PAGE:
Basic infrastructure components needed to promote and support business development and associated job creation often are absent or underdeveloped in Indian country. The grantees participating in the study provide good examples of how shortcomings in transportation, electricity, telecommunications, computing, and workforce preparation affect economic development and welfare reform in Indian country.
While the emphasis on moving members from welfare to work has encouraged tribes to identify and try to remove barriers to economic development and job creation on tribal lands, significant barriers still exist. Few private-sector employers have been attracted to Indian country, and few tribally owned or sponsored enterprises have generated enough jobs to dramatically reduce unemployment on reservations. Barriers to economic development and job creation in Indian country include:
- Remote Location and Inaccessibility. Many tribes and Alaska Native villages are located far from urban markets and resources and from major road, rail, and airport facilities. This distance barrier is often compounded by extremes in weather--extreme heat in the summer or extreme cold in the winter--as in the areas served by the Tanana Chiefs Conference (Box II.1). Tribes often lack the infrastructure--such as public transportation, good local roads, and modern telecommunications--needed for economic development.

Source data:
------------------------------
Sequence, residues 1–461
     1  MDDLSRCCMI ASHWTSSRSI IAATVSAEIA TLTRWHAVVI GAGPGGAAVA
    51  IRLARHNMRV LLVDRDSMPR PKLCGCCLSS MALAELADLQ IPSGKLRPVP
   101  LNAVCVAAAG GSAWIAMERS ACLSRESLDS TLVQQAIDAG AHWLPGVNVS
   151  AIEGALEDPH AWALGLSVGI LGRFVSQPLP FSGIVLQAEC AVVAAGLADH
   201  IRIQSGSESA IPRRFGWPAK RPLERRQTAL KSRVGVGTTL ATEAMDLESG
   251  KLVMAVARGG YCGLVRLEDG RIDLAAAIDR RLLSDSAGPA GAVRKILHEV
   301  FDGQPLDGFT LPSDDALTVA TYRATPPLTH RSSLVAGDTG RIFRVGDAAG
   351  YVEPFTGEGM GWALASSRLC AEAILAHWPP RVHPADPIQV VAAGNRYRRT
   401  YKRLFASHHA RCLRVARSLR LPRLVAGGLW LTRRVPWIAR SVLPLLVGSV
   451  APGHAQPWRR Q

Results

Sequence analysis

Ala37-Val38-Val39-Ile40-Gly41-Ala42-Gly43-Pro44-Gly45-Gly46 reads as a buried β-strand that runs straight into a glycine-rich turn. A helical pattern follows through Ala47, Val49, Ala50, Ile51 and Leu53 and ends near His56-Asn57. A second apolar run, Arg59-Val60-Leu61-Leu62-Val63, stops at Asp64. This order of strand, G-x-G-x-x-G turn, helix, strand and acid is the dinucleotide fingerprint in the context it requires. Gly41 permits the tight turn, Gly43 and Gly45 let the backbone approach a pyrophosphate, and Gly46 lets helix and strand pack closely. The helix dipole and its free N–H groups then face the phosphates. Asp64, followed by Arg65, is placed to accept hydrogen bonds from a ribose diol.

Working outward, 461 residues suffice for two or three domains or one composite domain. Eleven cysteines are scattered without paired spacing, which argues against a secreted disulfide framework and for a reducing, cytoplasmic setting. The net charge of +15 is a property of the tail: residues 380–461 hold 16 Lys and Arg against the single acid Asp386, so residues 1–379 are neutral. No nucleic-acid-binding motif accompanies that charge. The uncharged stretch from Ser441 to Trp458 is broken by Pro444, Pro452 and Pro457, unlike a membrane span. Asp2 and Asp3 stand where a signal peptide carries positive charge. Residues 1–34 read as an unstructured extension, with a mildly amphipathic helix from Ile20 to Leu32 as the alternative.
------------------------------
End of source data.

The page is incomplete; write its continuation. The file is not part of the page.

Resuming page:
In 1996, the TCC service population was estimated at 11,086 people-predominantly Indians, but also including Eskimos and Aleuts. The 43 Alaska Native villages where the majority of the TCC service population resides tend to have fewer than 500 inhabitants.
Most of these villages-spread across an area only slightly smaller than Texas-are hundreds of miles from the nearest city, Fairbanks. They are accessible by bush plane, boat, or snowmobile, but not by road. Lack of transportation is a critical barrier to employment. Few village landing strips can be used after sundown for lack of landing lights.
Life in the villages is harsh. Homes in the villages generally lack indoor plumbing, electricity, and telephones. Most villages have a common source of water (for example, washeteria), and water is hauled to each home from the central source. The climate is subarctic with long, harsh winters and short, warm summers. Summer highs range from 65oF to 80oF; winter lows are well below zero degrees. Extended periods of -30oF are common, as are annual snowfalls exceeding 50 inches.
The economy of most of the TCC villages is subsistence based. It includes hunting (moose, caribou, porcupine, rabbit, and ptarmigan), freshwater fishing, and harvesting berries.
- High Crime Rate. High crime rates discourage business investment and development. Most of the study sites reported high crime rates and active youth gangs, and some tribal courts have a large backlog of criminal cases.
- Lack of Banks and Capital. Because of distance from financial centers and other factors, few financial institutions serve tribes, and few tribal members have savings or collateral needed for loans to finance business enterprises. Making matters worse, much of the money that flows into reservations is spent on goods and services available only off the reservation. Study informants estimated that 60 percent of dollars spent by tribes and tribal members are spent off the reservation.
- Undesirable Workforce Characteristics. Most of the study grantees have relatively small numbers and proportions of highly trained and educated workers and relatively large numbers of people lacking education beyond high school. It is commonly believed that relatively high proportions of people in the workforce have problems with substance abuse and other illnesses such as diabetes. Such workforce characteristics may discourage private-sector employers from investing in a reservation community.